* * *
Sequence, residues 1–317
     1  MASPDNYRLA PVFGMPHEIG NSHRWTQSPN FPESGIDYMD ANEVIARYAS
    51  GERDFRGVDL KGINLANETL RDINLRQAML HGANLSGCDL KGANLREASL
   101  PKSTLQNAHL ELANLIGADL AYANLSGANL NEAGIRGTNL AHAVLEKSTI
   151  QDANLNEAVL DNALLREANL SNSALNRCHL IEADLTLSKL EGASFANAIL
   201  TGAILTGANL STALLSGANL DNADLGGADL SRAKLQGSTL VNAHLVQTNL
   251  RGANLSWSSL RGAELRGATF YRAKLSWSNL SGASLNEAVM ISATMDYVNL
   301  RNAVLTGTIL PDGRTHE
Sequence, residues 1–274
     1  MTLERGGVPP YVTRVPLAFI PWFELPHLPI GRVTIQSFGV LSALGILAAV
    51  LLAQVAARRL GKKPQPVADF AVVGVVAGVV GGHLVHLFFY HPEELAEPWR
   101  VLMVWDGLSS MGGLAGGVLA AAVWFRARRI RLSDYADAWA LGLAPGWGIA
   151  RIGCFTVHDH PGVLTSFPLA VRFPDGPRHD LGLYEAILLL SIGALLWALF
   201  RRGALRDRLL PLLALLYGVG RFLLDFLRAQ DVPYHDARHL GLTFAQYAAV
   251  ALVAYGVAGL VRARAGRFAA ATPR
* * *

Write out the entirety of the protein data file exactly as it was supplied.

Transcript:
Sequence, residues 1–317
     1  MASPDNYRLA PVFGMPHEIG NSHRWTQSPN FPESGIDYMD ANEVIARYAS
    51  GERDFRGVDL KGINLANETL RDINLRQAML HGANLSGCDL KGANLREASL
   101  PKSTLQNAHL ELANLIGADL AYANLSGANL NEAGIRGTNL AHAVLEKSTI
   151  QDANLNEAVL DNALLREANL SNSALNRCHL IEADLTLSKL EGASFANAIL
   201  TGAILTGANL STALLSGANL DNADLGGADL SRAKLQGSTL VNAHLVQTNL
   251  RGANLSWSSL RGAELRGATF YRAKLSWSNL SGASLNEAVM ISATMDYVNL
   301  RNAVLTGTIL PDGRTHE
Sequence, residues 1–274
     1  MTLERGGVPP YVTRVPLAFI PWFELPHLPI GRVTIQSFGV LSALGILAAV
    51  LLAQVAARRL GKKPQPVADF AVVGVVAGVV GGHLVHLFFY HPEELAEPWR
   101  VLMVWDGLSS MGGLAGGVLA AAVWFRARRI RLSDYADAWA LGLAPGWGIA
   151  RIGCFTVHDH PGVLTSFPLA VRFPDGPRHD LGLYEAILLL SIGALLWALF
   201  RRGALRDRLL PLLALLYGVG RFLLDFLRAQ DVPYHDARHL GLTFAQYAAV
   251  ALVAYGVAGL VRARAGRFAA ATPR